Running Facebook GlobalCoin node will cost $10 million in licensing fees
GlobalCoin, Facebook’s own cryptocurrency, will reportedly be announced this month. According to a report in The Information, the social media giant is set to provide more details about the coin and could allow its employees to take their salary in the form of the new token.
Official announcement of GlobalCoin coming this month
Rumors about Facebook’s cryptocurrency have been around for almost a year, but the social media giant has kept quiet about the development of GlobalCoin. With former PayPal executive David Marcus appointed as Facebook’s chief blockchain officer, it seemed that the creation of a native digital asset was likely.
With the first substantial information about the token revealed in a May 24 report, the public has been speculating on when an official announcement of the project would happen.
According to the latest report from The Information, Facebook is set to announce the cryptocurrency this month. While no detailed information about the exact date was provided, the report cited sources inside Facebook that were briefed on the plan.
The same sources also revealed that Facebook was soliciting third-party organizations that would act as nodes to help the company manage its cryptocurrency. This information is in line with most experts predicting that GlobalCoin wouldn’t be decentralized—effectively making it a digital asset and not a cryptocurrency.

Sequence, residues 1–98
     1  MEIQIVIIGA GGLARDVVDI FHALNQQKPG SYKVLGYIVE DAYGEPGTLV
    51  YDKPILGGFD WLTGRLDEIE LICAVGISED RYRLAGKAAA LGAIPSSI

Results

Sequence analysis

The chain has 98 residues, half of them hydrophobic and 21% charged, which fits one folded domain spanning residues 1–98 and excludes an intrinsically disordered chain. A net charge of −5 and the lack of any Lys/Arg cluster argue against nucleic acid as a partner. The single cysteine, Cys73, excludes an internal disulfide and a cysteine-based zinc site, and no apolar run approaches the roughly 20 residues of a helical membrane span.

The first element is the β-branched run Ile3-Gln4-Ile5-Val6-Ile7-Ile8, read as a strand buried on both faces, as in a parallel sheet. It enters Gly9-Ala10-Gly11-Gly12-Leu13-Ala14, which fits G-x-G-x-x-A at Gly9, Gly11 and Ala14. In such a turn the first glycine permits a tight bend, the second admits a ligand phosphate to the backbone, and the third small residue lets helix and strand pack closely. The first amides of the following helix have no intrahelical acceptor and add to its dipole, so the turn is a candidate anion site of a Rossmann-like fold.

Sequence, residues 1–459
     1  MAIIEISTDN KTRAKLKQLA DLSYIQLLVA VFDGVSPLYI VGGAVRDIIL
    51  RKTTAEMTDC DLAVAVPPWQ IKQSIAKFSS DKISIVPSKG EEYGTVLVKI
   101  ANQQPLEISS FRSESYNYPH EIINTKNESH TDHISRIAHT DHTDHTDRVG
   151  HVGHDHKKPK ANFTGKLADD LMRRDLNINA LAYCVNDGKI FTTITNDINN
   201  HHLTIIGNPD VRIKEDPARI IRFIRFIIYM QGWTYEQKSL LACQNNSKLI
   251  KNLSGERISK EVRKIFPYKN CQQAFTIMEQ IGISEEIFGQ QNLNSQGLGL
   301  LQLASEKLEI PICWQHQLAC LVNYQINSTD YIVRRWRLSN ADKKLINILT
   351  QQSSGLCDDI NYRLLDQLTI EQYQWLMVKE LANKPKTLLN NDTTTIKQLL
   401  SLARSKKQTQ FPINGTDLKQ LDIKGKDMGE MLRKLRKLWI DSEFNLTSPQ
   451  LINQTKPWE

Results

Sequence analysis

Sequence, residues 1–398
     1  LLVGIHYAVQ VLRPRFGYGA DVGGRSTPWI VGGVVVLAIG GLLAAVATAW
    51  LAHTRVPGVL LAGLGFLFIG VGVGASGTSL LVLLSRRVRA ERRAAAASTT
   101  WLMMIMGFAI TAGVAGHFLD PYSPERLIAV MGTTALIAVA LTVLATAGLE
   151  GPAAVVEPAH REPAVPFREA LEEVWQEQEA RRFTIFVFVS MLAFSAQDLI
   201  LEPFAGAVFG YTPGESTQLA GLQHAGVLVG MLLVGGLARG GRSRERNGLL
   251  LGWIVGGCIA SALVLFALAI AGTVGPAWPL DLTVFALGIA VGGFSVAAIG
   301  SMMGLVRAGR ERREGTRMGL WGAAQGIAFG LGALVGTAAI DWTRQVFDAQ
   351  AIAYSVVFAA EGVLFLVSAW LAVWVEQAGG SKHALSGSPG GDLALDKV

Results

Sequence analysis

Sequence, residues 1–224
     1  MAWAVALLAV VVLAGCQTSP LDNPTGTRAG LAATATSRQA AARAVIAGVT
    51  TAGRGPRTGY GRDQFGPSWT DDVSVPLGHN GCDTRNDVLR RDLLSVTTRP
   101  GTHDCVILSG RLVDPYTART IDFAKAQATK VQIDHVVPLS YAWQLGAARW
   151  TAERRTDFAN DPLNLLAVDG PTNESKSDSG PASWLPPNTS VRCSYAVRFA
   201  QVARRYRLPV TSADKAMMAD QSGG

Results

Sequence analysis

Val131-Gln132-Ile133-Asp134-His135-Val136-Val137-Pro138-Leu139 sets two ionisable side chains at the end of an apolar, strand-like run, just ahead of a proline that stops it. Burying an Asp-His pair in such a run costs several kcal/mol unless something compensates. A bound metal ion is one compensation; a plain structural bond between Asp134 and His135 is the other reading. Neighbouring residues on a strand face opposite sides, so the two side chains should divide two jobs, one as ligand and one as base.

Facebook’s attempt to diversify its revenue
Facebook has also discussed charging a $10 million licensing fee for the rights to operate a node, the report revealed. There was no mention of specific companies that could be considered for the position.
The company reportedly reached out to dozens of tech companies and financial institutions to create an independent foundation that would operate GlobalCoin. Every node operator will also be allowed to send a representative to the foundation, the report revealed.
With plans to launch 100 nodes, Facebook could, in theory, generate $1 billion in licensing fees in the first year GlobalCoin is launched. The fees wouldn’t be pure revenue, though—they will most likely be used to back the digital asset with a basket of fiat currencies and low-risk securities.
While the cryptocurrency is expected to be used within Facebook’s app ecosystem first, the report revealed that the company is planning partnerships with various merchants that would accept payments in GlobalCoin.
Apart from that, physical ATMs that would allow users to exchange local currencies for GlobalCoin are also in the works.
The Information also revealed that it wasn’t all smooth sailing for Facebook—while the company’s CEO Mark Zuckerberg has recognized payments as an important area, operating chief Sheryl Sandberg and chief financial officer David Wehner have initially been “skeptical of the initiative.”